Learning that your work is the subject of an investigation by the Parliamentary and Health Service Ombudsman (PHSO) could feel like a GP's worst nightmare, but Bradford GP Dr Uzma Qureshi, who works part-time as a PHSO lead clinical adviser, can empathise.
'Like a lot of doctors, I've been on the receiving end of a patient complaint,' explains the portfolio GP, who works as a PMS partner for the two-and-a-half days a week she is not investigating for the PHSO, 'and I fully understand what it feels like'.
'I want to reassure GPs that they will have people like me looking at their complaint. It will get a fair response. I'm not here to pull people up. I have to make sure the guidelines are followed if appropriate and that patients receive the quality of care they are entitled to.'
Dr Qureshi, whose complaint was not referred to the PHSO, is speaking from its Millbank Tower offices in central London, which overlook parliament.
She explains that she joined the PHSO in summer 2011 and was recently promoted to lead clinician. 'I was keen to develop a portfolio career outside the NHS, but making the most of my clinical knowledge.'
Dr Qureshi believes there remains a place for independent contractor GPs, despite pressure to become salaried. She says: 'I think GP partners can bring about innovation and change. I would have concerns about being directed in a certain way.'
She divides her time between her Bradford practice and the Manchester and central London offices of the PHSO. 'I'm involved in the broad range of complaints against GPs, which could include end-of-life care, delayed diagnosis or poor record keeping,' she says.
People have a right to go to the PHSO if they have complained to the practice first, or if the complaint has not been resolved after six months.
The NHS Constitution says: 'You have the right to take your complaint to the independent PHSO or the Local Government Ombudsman if you are not satisfied with the way your complaint has been dealt with by the NHS.'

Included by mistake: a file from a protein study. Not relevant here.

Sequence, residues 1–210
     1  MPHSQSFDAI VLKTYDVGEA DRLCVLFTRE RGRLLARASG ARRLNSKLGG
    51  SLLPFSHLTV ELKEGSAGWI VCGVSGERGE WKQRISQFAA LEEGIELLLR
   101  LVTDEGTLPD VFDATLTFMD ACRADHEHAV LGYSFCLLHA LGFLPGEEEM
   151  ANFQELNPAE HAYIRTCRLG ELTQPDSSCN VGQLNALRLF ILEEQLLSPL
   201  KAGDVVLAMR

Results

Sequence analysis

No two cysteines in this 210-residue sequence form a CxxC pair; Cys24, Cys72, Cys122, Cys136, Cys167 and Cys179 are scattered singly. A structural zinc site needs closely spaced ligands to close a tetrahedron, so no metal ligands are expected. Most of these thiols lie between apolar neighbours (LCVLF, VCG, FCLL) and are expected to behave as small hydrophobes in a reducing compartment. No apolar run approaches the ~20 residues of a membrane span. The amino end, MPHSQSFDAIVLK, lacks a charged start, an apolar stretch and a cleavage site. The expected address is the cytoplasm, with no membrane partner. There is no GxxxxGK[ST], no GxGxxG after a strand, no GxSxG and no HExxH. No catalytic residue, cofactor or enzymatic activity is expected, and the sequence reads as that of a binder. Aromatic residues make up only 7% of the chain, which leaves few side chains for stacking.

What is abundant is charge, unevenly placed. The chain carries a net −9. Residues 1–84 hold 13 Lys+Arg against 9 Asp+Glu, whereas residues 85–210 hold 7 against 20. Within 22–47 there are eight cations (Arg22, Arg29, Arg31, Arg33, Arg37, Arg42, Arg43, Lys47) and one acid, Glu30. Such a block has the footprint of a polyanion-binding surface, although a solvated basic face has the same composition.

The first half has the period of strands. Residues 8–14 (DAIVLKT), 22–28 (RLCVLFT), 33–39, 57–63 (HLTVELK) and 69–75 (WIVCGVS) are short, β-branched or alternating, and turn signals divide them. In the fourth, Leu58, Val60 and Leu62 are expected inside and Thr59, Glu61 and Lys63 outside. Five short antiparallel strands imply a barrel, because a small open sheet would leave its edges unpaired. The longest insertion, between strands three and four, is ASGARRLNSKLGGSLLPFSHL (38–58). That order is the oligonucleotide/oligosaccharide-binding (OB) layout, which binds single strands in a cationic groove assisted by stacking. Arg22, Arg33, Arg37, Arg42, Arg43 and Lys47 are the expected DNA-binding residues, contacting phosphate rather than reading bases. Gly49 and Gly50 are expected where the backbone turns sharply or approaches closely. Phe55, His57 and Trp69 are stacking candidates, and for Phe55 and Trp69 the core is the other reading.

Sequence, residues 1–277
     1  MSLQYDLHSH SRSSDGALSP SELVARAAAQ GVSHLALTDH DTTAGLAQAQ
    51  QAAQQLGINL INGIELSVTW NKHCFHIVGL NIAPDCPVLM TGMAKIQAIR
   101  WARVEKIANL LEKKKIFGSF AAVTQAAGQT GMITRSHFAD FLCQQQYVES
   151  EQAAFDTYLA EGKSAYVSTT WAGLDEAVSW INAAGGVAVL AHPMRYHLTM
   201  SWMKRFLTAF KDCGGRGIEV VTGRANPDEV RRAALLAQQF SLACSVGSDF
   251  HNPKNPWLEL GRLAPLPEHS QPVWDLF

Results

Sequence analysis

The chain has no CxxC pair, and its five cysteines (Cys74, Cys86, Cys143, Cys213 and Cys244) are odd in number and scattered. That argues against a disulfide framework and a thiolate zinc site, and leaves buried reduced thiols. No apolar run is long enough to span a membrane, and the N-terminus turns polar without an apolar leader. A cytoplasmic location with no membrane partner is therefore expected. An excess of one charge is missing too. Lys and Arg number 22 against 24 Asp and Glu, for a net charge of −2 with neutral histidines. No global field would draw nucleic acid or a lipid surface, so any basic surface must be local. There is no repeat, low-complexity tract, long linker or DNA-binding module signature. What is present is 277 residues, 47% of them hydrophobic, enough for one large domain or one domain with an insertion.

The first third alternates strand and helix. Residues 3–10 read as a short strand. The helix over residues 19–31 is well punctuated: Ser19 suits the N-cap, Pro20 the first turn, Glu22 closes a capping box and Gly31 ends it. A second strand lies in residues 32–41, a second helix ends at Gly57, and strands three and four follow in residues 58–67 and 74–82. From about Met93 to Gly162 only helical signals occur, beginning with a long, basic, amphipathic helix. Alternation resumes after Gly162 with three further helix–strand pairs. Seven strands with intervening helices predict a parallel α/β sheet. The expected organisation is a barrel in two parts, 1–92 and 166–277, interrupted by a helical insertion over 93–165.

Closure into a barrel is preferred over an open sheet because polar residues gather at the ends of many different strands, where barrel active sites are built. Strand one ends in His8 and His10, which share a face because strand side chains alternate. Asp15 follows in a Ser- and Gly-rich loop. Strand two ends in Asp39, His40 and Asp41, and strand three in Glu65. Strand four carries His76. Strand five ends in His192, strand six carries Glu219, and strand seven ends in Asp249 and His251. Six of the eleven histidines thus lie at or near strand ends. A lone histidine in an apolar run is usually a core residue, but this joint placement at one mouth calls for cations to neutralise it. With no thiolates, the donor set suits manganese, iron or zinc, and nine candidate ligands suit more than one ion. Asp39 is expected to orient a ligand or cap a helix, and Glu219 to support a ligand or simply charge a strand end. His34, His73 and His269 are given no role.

Complaints are initially assigned to lay case workers, who involve GPs like Dr Qureshi if necessary.
The PHSO employs five GPs. It also hires another 40 GPs on a freelance basis, as and when it needs them or if it needs a GP with a specific specialty which it does not have in-house.
Dr Qureshi says: 'I think it's very important to involve a GP who works within the NHS, because we understand the day-to-day pressures of a busy surgery and of limitations within NHS resources.
'Our role is to help the complainant and the clinician to understand what was done, why it was done and why the outcome may not be what was expected.'
What lessons could GPs learn from the work that she has done?
'Complaints from our patients will raise anxieties, but should be viewed as a learning opportunity. Things can go wrong with clinical care, but where improvements need to be made, there should be a willingness to put things right. I would like people to look at these things with an open mind,' Dr Qureshi says.
The PHSO has received some 2,200 complaints about GP practices since the beginning of 2014/15 and is currently investigating about 300.
The number of complaints looks set to be similar to the previous year. However, in 2013/14, the number of complaints the PHSO received about GPs did increase from previous years (2,951 in 2011/12, 3,319 in 2012/13 and 3,996 in 2013/14).
Dr Qureshi points out that just because a GP is the subject of a PHSO investigation, that does not mean a complaint will be upheld. Between April and November 2014, it carried out more than 2,500 investigations, upholding just 38%.
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